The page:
The FDIC adopted a final rule (the “Final Rule”) that amends FDIC-insured financial institutions’ (“FIs”) annual audit and reporting requirements under section 36 (“Section 36”) of the Federal Deposit Insurance Act and its implementing regulations, Part 363 (“Part 363”). In general, the Final Rule incorporates into Part 363 certain audit, reporting and audit committee practices derived from the Sarbanes-Oxley Act of 2002 as well as FDIC experience in administering Part 363. The FDIC stated that Section 36 and Part 363 are “generally intended to facilitate early identification of problems in financial management” at FIs with total assets greater than certain thresholds. The asset threshold for internal control assessments is $1 billion, and the threshold for the other requirements of Part 363 is $500 million. In October 2007, the FDIC issued a proposed version (the “Proposed Rule”) of the Final Rule that was discussed in the October 23, 2007 Alert.
In addition to making certain technical amendments to the enforcement rules and procedures used against accountants and accounting firms, the FDIC cites 13 significant changes made by the Final Rule to Part 363. The 13 key changes:
- Require management of the FI and its independent public accountant to identify the internal control framework used to evaluate internal control over financial reporting and disclose all identified material weaknesses that have not been remediated;
- Extend the time period for a non-public FI to file its Part 363 Annual Report by 30 days and replace the 30-day extensions of the filing deadline that may be granted if an FI (public or non-public) is confronted with extraordinary circumstances beyond its reasonable control with a late filing notification requirement that would have general applicability;
- Provide relief from the annual reporting requirements for FIs that are merged out of existence before the filing deadline;
- Provide relief from reporting on internal control over financial reporting for businesses acquired during the fiscal year;
- Require management’s assessment of compliance with designated safety and soundness laws and regulations to state management’s conclusion regarding compliance and disclose (with more specificity than is currently required) any noncompliance with such laws and regulations (the safety and soundness laws currently covered are those concerning insider loans and dividend restrictions);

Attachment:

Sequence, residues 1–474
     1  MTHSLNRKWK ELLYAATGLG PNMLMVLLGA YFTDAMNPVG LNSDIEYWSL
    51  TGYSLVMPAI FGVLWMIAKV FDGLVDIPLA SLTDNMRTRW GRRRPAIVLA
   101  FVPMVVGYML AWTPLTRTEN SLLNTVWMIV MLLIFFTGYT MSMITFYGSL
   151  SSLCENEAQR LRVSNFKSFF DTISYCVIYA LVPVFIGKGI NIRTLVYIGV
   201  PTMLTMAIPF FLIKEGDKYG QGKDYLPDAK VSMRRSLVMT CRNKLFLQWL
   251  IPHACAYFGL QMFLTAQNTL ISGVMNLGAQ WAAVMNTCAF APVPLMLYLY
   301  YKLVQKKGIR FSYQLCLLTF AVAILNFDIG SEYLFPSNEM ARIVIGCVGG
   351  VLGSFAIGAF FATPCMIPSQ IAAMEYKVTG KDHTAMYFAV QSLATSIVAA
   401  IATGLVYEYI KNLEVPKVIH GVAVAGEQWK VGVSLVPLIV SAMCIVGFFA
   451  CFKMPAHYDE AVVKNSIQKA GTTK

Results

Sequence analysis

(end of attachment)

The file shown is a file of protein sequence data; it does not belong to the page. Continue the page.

- Clarify the independence standards with which independent public accountants must comply and enhance the enforceability of compliance with these standards;
- Specify that the duties of the audit committee include the appointment, compensation and oversight of the independent public accountant and require audit committees to ensure that audit engagement letters do not contain unsafe and unsound limitation of liability provisions. The Proposed Rule’s requirement that FIs must file copies of audit engagement letters does not appear in the Final Rule;
- Require certain communications by independent public accountants to audit committees.
- Establish retention requirements for audit working papers;
- Require boards of directors to adopt written criteria for evaluating an audit committee member’s independence and provide expanded guidance for boards of directors to use in determining independence. In a change from the Proposed Rule, the Final Rule states that a committee member is deemed independent if his total annual compensation from the institution (other than director and committee fees) is $100,000 or less (raised from $60,000 or less);
- Provide that ownership of 10% or more of any class of voting securities of an institution is not an automatic bar for considering an outside director to be independent of management;
- Require the total assets of a holding company’s insured depository institution subsidiaries to comprise 75 percent or more of the holding company’s consolidated total assets in order for an FI to comply with Part 363 at the holding company level; and
- Provide illustrative management reports to assist FIs in complying with the annual reporting requirements.
Except for certain items specifically noted in the Final Rule, the Final Rule will become effective 30 days after its publication in the Federal Register.